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Today, I was looking at the National Census data in my country. In my country, we have something very similar to "States" (Divisions) and "ZIP Codes" (Subdivisions).

During the Census, data is collected from each Subdivision and - for example, based on a 20% random sample in each Subdivision, information is collected such income, employment rate, age, etc. However, when this data is published, we can only see the average and median value for each of these variables within each Subdivision. We also know the number of people within each Subdivision. The data would look something like this:

  Division Subdivision Average_Income Median_Income Average_Age Median_Age Subdivision_Population
1        A           1       51265.41      48585.45          52         42                  10698
2        A           2       51067.56      49606.41          46         62                   9781
3        A           3       48662.40      49297.64          34         37                  10217
4        B           1       50097.79      49819.19          53         40                  10257
5        B           2       50855.28      49005.76          70         53                   9912
6        C           1       51002.73      49697.60          67         50                  10225
7        C           2       48742.88      50573.90          49         52                   9871
8        C           3       50831.21      50410.04          38         40                   9945
9        C           4       50649.13      46939.21          71         63                  11214
  

I was interested in learning about if Regression Models can still be applied in such a context (i.e. when individual subject-level data is not provided and only the aggregate level data is provided). As an example, study the impact of income on age.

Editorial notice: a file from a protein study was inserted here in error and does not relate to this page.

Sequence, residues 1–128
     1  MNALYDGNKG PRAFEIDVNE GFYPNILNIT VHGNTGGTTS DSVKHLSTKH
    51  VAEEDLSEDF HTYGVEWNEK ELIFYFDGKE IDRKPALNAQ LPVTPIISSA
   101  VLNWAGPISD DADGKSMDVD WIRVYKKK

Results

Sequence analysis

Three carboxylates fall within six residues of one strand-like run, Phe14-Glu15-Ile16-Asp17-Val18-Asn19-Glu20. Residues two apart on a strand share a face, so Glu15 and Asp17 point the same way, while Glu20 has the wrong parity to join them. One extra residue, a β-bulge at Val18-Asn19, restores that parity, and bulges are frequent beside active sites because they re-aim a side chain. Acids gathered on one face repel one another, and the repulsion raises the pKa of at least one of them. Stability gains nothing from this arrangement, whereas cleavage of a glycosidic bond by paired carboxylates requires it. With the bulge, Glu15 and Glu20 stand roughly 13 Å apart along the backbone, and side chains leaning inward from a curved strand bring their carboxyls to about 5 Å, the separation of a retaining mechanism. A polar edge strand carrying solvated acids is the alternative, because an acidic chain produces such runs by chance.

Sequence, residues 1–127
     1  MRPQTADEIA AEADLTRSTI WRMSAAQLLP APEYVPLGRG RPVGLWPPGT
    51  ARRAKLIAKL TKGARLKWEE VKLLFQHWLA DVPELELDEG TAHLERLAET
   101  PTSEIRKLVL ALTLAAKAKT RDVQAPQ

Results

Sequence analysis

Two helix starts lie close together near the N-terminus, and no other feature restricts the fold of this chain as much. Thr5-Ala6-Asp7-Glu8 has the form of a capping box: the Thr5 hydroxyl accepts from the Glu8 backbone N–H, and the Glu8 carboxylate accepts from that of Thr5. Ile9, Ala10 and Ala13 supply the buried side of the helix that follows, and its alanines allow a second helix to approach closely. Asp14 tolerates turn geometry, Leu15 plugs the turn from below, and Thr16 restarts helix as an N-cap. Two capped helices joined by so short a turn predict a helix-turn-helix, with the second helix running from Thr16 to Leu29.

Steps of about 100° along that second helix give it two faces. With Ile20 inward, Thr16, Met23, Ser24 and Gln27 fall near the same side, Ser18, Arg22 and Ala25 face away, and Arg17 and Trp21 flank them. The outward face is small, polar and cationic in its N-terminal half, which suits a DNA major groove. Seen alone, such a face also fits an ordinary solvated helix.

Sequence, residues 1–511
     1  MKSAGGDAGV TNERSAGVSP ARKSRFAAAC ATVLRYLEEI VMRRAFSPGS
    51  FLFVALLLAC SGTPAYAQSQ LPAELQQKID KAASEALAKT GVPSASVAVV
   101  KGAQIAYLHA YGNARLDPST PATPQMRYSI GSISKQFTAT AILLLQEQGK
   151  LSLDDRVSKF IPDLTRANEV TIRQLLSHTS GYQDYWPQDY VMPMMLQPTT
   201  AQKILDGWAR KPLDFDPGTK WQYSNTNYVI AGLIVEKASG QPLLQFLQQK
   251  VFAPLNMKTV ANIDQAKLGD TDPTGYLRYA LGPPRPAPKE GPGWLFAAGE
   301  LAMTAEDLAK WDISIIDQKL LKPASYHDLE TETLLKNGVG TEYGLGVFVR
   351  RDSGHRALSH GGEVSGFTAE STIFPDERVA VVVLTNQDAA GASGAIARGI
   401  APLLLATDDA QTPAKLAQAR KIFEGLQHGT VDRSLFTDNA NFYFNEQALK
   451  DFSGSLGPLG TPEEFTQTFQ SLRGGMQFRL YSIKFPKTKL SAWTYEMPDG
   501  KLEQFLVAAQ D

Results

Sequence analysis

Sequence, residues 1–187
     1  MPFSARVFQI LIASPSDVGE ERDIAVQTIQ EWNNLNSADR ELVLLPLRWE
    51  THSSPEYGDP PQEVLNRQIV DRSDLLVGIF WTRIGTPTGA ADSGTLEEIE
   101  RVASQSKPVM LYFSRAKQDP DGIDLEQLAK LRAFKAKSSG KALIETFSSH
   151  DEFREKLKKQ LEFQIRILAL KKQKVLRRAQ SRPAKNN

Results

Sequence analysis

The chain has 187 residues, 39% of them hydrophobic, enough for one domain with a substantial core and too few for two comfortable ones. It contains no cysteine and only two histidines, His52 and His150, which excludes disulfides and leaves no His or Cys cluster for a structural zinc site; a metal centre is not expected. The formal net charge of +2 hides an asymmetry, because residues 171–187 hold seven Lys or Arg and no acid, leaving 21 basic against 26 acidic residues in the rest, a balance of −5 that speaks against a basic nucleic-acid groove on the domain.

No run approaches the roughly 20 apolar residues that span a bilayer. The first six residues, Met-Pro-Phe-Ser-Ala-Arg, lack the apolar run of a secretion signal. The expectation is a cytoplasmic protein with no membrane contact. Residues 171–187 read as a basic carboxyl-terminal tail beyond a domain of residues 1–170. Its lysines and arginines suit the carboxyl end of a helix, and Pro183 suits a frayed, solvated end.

Initially, I had thought that perhaps I could just "get away with" using a standard Linear Regression Model as if I had access to the individual subject-level data. However, when reading more about this topic, I learned of a new topic called "Ecological Statistics" (the name was a bit misleading - I thought "Ecological Statistics" was about Statistics applied in the Environment). I found some interesting references which show why a standard Linear Regression Model can NOT be used in such a context:

In general, I was interested in learning more about what types of Statistical and Regression Models can be used for problems such as mine. For example, in the problem I described, I do NOT have access to the Standard Errors - is it still possible to create a Regression Model for this problem and generate meaningful estimates for the beta-coefficients? Or could I still fit a regression model to the entire data and find the mean effect of income on age?

References:

Note : I just realized - with this approach, it is likely impossible to create a random-effects nodel because we only have one observation per group!

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  • $\begingroup$ You might be interested to read about ecological fallacy as well. $\endgroup$
    – dipetkov
    Commented Jan 12, 2023 at 9:42
  • $\begingroup$ It might also be worth asking yourself: If I did have data about age and income at the household level, would I be able to say something meaningful about "what is the effect of Age on Income"? $\endgroup$
    – dipetkov
    Commented Jan 12, 2023 at 10:01
  • $\begingroup$ You might also be interested in the atomistic fallacy. $\endgroup$
    – Alexis
    Commented Jan 14, 2023 at 7:20
  • $\begingroup$ Technically, we can create (a regression) model for any tabular data or data frame within mean rates better on the data sequences. Apart from Note, I found some workaround over Census Data Analysis, which could make sense for your question and reach meaningful outputs. $\endgroup$